Spending more time in nature is good for you, especially if you’re recovering from addiction or mental illness. Whether you just take a daily walk in the park or go camping for two weeks in Yosemite, science keeps discovering new ways that nature is good for your physical and mental health. Here are some of the many benefits you can get from spending more time in nature.
Natural settings reduce stress.
Many studies have found that spending time in nature reduces stress and anxiety. The effect is actually measurable. One study in Japan examined 280 participants who spent time walking around in both natural and urban environments. The Japanese Ministry of Agriculture, Forestry, and Fisheries coined the term Shinrin-yoku, or “forest bathing” in 1982 and has since promoted the idea that spending time in nature is good for your health.
In this particular study, participants spent about 30 minutes viewing or walking around in either a city or natural environment. The next day, they switched environments. Researchers measured a number of physiological markers before, during, and after each participant’s exposure to either natural or urban environments. They found that after walking in a natural environment, participants had lower levels of the stress hormone cortisol, lower pulse rates, lower blood pressure, greater parasympathetic nerve activity, and lower sympathetic nerve activity.
In short, walking in and viewing nature reduced every physical measure of stress. This is helpful for anyone but especially important for people recovering from addiction since stress and anxiety are major causes of cravings and relapse.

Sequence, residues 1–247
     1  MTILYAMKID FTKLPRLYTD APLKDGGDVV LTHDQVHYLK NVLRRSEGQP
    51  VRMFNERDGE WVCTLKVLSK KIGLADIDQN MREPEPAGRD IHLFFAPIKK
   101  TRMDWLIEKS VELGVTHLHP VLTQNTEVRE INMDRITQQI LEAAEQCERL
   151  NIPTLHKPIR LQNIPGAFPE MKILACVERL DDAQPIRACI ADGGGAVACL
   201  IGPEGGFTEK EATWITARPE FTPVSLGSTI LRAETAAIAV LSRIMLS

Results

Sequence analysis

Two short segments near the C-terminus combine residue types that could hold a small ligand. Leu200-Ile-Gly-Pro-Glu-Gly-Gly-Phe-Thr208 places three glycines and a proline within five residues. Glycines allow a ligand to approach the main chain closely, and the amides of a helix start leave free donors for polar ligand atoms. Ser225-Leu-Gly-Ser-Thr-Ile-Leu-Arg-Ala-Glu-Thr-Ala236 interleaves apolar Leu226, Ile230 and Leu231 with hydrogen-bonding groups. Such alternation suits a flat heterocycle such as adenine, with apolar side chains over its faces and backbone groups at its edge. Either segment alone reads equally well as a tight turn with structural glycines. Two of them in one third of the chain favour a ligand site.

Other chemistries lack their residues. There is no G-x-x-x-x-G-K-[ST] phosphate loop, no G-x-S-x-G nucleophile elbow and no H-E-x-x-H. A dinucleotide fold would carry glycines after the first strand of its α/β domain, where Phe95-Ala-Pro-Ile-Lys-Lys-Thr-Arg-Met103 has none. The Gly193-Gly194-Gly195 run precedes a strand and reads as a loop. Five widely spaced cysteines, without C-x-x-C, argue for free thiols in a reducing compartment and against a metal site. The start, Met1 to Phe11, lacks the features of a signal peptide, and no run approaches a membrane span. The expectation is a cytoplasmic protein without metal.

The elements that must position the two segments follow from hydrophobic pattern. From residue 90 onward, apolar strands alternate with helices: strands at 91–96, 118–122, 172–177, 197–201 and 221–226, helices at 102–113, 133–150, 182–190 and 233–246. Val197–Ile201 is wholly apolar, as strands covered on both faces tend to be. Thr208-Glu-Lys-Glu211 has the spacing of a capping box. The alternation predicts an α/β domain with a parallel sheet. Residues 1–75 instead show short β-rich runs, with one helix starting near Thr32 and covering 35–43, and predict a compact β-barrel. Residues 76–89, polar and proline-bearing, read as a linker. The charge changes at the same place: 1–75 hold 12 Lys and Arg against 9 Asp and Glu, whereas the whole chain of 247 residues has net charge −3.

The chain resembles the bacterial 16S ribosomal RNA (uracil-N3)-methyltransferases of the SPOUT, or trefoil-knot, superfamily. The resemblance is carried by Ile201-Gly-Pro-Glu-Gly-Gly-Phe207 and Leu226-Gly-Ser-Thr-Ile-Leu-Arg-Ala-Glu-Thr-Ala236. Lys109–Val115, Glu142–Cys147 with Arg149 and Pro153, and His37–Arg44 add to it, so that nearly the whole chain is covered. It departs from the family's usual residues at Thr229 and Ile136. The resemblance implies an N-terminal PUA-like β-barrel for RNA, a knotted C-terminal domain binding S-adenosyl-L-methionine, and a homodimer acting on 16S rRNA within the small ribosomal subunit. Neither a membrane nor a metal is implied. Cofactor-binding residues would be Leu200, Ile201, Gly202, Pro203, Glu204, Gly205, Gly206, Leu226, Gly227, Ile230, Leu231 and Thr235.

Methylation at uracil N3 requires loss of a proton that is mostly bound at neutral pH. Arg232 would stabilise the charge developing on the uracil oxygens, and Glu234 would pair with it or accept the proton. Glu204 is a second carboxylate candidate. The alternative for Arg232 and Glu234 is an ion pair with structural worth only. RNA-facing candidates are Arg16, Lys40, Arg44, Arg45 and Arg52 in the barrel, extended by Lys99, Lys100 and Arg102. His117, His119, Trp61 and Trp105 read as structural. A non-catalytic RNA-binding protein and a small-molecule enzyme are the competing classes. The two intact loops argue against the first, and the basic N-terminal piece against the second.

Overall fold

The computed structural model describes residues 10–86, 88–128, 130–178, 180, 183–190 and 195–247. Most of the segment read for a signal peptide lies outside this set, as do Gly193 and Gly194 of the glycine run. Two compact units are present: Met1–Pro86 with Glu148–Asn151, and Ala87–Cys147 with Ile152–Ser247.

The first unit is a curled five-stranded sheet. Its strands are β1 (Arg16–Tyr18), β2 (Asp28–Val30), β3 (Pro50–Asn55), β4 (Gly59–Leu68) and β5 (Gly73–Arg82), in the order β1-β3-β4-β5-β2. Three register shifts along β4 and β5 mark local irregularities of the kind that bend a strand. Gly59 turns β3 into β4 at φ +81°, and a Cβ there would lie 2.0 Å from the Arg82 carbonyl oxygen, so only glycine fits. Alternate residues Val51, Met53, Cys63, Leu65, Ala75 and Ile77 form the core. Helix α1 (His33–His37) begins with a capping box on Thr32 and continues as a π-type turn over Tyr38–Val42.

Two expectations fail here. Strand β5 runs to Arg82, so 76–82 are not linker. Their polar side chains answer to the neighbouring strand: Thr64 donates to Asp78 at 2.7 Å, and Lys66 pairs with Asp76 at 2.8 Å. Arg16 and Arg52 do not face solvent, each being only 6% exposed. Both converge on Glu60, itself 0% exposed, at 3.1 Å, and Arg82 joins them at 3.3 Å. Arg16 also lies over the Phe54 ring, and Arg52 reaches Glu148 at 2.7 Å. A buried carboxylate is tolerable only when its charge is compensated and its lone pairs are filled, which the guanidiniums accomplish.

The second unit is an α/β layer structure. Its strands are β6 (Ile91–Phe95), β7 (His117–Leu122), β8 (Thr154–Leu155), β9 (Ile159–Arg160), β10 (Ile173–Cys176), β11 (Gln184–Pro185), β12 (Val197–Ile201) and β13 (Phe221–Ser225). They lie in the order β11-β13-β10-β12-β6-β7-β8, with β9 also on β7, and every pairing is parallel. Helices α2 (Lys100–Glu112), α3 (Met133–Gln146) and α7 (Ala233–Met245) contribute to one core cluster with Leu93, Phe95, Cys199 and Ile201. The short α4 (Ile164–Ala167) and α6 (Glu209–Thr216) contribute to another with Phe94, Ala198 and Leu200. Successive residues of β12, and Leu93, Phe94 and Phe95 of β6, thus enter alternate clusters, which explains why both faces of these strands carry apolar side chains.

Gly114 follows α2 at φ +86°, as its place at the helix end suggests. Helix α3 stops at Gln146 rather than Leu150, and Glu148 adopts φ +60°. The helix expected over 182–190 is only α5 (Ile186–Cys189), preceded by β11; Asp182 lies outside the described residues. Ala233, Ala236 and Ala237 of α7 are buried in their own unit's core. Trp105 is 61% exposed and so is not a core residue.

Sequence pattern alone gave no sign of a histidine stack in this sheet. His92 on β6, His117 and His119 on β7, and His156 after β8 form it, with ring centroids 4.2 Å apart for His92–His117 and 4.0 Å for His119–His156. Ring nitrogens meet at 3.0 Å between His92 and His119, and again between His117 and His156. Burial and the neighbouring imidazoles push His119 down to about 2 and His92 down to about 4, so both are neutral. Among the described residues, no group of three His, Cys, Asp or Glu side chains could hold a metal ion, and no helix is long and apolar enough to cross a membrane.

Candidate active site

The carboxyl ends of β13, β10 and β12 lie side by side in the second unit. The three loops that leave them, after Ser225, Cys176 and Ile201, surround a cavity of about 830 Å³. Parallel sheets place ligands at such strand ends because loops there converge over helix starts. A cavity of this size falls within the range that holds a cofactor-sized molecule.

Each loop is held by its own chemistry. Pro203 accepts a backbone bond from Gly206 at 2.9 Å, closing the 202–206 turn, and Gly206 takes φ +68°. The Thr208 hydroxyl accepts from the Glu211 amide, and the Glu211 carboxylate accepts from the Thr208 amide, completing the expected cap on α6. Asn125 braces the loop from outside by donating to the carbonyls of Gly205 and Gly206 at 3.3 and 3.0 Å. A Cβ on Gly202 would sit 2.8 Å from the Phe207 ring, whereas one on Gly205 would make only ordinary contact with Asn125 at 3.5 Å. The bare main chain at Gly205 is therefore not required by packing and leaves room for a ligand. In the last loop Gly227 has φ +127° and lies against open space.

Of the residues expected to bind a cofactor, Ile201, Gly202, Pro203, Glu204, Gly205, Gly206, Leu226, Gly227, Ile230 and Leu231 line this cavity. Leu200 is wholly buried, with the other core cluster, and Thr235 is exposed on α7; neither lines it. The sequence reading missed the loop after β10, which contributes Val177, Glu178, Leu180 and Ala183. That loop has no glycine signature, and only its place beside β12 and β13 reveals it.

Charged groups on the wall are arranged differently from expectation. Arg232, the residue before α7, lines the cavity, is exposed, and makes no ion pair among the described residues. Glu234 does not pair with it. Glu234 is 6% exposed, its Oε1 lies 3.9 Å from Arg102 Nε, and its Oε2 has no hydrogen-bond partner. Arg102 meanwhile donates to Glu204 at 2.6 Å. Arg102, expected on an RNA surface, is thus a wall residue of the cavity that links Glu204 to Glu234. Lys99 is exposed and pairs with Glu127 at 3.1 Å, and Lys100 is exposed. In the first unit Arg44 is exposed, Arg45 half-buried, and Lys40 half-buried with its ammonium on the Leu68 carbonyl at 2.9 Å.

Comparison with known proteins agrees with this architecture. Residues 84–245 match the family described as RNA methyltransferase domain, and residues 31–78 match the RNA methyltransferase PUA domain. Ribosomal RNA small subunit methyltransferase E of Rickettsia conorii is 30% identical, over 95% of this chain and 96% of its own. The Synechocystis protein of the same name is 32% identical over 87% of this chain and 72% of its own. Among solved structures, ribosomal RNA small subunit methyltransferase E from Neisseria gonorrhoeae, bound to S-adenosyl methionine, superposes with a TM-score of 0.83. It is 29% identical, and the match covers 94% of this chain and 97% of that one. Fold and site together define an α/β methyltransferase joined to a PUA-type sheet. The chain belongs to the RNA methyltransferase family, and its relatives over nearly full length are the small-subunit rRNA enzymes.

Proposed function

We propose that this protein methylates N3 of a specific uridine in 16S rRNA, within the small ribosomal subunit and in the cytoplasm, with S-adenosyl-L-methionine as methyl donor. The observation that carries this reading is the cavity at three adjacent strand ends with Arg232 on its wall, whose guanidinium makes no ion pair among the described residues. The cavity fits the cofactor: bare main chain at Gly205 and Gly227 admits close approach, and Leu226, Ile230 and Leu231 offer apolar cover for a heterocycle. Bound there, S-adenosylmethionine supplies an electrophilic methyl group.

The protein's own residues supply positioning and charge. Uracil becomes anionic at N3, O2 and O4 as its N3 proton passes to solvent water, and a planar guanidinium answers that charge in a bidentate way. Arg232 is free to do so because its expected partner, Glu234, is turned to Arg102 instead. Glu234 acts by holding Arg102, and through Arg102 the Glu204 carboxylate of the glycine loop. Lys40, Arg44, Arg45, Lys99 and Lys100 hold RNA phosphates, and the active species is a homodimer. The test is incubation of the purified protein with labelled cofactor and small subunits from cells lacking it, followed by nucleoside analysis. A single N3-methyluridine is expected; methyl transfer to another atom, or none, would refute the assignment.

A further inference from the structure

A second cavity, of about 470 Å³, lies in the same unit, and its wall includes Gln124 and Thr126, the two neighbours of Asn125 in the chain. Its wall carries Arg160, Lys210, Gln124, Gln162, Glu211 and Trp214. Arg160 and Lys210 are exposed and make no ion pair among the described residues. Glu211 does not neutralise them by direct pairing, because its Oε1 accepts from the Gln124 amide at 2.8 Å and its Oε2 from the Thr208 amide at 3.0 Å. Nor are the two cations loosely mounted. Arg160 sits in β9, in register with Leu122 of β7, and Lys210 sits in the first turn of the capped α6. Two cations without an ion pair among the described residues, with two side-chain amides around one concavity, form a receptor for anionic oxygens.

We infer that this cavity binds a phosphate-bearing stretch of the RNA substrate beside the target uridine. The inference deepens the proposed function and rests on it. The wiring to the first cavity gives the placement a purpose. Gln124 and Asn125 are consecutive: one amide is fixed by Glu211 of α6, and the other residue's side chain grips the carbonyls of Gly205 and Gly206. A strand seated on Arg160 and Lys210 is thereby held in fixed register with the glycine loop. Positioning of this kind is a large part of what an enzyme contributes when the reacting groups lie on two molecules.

Nature strengthens your immune system.
Spending time in nature has been linked improvement in various conditions including depression, diabetes, ADHD, obesity, cardiovascular disease, cancer, and others, but researchers haven’t been able to figure out exactly why nature improves these conditions. At least one study suggests that it’s because spending time in nature improves the function of your immune system. University of Illinois researcher Ming Kuo analyzed many studies on the relationship between nature and health and found that of the 21 separate pathways linking nature and better health, all but 2 were mediated by the immune system.
There are a variety of ways that spending time in nature improves your immune system. A major way, as noted above, is that nature reduces stress. When your parasympathetic nervous system is dominant, as in the participants who had spent time in nature, it signals your body that it’s time to heal from illness or injury.
There are other ways nature helps your immune system as well. Plants produce their own chemicals called phytoncides that kill harmful bacteria and these chemicals can aid our immune systems too. There are also microbes in the soil called Mycobacterium vaccae that have been shown to boost serotonin and reduce anxiety. They are also being studied for their potential to treat asthma, cancer, depression, and other diseases.
Fresh air and sunlight are good for you.